As the old adage goes, “Specifics sell.” So if you’re writing to sales managers of software companies about your new sales training program, you’d back every claim you make. Here’s a made up example of what that may look like without the specific proof element:

“Our breakthrough XYZ sales system is designed to help you put an end to lagging sales, and scrambling to meet end-of-month quotas. That’s because we have become the industry leader in sales training—helping your sales team generate more leads and set more appointments with qualified prospects.”

Now take a look at what happens when we add proof and specificity to back up the claim:

“Our breakthrough XYZ sales system is designed to help you put an end to lagging sales, and scrambling to meet end-of-month quotas. In fact, a recent independent study by ABC Research Firm, found that our XYZ system boosts sales-team lead-generation by 27% and appointments with qualified prospects by an impressive 42%.”

#4: Have you infused your copy with as much credibility as possible?

This is similar to, but different from, proof.

Instead of proving a specific claim, you want to make everything you are saying in your copy credible.

This can be accomplished by having as many testimonials as you can. Case studies work well too.

Another form of credibility would be third-party quotes that praise your company, your products, your services, etc. For example, if you were a stock broker, having a positive mention from Barron’s or the Wall Street Journal would be an excellent credibility-builder.

guidestone

#5 Have you made an irresistible offer?

This is another critical item. A bad offer can sink great copy in no time flat.

So make sure you offer as much value as you can, in exchange for what you are asking from the prospect/reader.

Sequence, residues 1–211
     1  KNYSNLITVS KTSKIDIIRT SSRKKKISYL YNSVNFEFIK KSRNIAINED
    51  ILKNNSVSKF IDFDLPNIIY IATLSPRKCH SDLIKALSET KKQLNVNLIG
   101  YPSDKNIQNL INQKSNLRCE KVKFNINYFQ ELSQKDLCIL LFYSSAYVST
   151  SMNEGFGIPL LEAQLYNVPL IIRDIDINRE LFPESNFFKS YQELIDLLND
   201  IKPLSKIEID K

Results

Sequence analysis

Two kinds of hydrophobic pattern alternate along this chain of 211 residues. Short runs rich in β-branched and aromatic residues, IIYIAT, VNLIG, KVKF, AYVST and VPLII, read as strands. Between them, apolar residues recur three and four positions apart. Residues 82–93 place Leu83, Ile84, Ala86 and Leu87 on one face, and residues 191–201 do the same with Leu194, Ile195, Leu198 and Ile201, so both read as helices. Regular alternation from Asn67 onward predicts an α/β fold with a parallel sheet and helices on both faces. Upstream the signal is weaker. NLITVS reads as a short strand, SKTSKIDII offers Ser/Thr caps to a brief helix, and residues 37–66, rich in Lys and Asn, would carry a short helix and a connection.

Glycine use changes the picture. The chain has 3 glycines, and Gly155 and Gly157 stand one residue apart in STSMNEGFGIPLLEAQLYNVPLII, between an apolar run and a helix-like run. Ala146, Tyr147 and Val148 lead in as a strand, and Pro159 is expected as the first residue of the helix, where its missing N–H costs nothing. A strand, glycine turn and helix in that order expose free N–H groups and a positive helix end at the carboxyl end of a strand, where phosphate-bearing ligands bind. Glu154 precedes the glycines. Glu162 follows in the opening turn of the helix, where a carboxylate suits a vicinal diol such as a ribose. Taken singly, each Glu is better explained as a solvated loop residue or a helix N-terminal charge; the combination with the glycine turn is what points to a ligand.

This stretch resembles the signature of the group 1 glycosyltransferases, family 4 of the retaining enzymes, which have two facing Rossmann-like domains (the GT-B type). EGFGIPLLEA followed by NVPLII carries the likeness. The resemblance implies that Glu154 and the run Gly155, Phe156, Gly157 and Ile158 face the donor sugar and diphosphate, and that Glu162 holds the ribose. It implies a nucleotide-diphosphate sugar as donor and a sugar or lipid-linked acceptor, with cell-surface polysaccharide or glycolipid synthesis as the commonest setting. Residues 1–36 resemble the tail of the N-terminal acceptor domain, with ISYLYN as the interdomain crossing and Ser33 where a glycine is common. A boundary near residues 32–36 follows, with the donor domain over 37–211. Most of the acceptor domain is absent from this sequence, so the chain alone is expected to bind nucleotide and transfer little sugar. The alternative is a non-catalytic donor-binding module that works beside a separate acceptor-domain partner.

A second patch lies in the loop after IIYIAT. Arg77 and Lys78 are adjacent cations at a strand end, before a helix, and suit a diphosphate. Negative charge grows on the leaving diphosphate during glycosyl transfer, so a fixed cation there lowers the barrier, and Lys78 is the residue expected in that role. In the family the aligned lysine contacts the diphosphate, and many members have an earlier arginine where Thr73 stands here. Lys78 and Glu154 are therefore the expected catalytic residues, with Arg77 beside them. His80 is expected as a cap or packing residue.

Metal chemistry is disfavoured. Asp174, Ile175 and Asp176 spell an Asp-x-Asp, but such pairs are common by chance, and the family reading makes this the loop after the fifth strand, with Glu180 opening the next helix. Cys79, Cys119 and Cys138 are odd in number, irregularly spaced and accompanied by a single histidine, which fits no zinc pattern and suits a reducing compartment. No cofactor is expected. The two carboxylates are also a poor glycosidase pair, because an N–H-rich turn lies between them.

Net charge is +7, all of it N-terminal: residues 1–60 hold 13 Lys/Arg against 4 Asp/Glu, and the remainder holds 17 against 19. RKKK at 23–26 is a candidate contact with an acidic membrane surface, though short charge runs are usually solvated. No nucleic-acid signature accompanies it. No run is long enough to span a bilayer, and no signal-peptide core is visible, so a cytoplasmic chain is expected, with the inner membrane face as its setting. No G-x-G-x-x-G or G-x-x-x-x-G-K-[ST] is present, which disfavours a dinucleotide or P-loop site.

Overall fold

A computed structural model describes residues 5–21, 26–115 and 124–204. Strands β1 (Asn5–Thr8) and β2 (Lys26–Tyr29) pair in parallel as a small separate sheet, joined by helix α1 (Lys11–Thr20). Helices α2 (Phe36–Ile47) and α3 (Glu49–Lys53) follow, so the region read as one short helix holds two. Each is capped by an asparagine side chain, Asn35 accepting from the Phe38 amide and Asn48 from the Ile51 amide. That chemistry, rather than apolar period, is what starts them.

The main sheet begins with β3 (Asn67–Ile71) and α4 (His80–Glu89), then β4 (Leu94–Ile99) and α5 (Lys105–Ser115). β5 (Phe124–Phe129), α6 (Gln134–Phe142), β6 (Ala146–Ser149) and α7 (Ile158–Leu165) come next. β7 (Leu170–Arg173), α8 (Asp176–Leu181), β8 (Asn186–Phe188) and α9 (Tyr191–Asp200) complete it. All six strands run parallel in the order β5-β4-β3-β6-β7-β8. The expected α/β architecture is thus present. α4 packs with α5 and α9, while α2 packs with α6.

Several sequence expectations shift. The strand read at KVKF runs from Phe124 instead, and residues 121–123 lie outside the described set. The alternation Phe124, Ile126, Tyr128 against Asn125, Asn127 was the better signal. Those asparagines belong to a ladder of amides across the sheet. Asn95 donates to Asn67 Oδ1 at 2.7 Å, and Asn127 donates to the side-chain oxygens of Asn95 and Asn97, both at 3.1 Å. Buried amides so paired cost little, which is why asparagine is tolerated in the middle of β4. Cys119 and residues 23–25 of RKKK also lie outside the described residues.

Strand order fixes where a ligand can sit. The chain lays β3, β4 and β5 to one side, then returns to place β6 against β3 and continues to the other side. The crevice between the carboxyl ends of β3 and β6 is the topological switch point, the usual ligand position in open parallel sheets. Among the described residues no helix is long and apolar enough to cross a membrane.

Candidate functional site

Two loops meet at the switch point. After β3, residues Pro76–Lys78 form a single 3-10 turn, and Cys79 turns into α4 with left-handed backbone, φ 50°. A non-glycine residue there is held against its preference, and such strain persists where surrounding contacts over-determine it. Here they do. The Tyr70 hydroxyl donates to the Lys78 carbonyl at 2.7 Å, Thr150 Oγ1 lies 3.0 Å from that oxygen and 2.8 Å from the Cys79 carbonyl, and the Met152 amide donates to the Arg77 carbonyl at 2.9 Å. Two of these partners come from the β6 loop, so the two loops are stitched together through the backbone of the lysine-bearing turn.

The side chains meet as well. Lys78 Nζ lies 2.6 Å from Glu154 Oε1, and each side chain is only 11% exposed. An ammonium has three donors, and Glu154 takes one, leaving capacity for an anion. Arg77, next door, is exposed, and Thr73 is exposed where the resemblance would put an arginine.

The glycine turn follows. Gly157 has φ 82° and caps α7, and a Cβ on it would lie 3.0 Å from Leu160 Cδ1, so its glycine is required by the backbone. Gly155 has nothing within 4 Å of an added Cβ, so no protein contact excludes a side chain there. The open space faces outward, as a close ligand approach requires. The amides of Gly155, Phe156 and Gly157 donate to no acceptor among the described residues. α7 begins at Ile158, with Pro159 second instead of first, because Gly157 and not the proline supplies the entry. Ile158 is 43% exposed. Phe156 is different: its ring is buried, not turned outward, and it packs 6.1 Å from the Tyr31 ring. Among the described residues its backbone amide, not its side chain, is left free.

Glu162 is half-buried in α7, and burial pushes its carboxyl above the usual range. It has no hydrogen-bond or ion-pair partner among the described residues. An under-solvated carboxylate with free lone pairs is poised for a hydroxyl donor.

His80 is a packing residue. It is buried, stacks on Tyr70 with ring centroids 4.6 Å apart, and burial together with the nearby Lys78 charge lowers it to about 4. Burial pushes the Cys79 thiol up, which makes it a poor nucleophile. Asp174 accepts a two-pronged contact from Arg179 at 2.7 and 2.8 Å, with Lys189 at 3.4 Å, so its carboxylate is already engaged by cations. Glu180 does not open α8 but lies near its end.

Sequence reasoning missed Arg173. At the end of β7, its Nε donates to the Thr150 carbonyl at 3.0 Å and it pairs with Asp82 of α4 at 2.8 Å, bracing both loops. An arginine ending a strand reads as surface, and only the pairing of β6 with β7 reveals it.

It should be a no-brainer for them. They should feel almost guilty for all the value they’re receiving in exchange for what they are giving you.

So make sure to build up the value of everything you are offering.

And it goes without saying, part of a great offer is some form of risk-reversal. Offer a guarantee. Show the prospect/reader you’re confident in what you’re offering. The bolder, the better. Like this:

guarantee

Let them test you out, and prove yourself to them. This will make sure you have an offer he or she can’t refuse.

So there you have it…

Your 5-point checklist for better converting copy. Make sure you go through these 5 points each and every time you write a piece of copy.

Are there more things you could tweak and test?

Of course. But if you want to develop the habit of always strengthening your copy, keeping it simple is best (besides, when’s the last time you used a 42-point checklist to make sure you did anything to the best of your ability? I know that for me at least, it would be too unwieldy and I’d end up not using it after the first two or three times).

This checklist is small enough for you to use it regularly… and precise enough to make a difference in your results.

Try it yourself, and let me know how it works by sharing in the comments below.

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About 

Guillermo Rubio is a freelance copywriter who specializes in helping businesses achieve better results from their marketing efforts.

To find out how he can help you with a particular marketing challenge (and to get a special report on boosting your content-marketing ROI), please visit www.GFRCommunications.com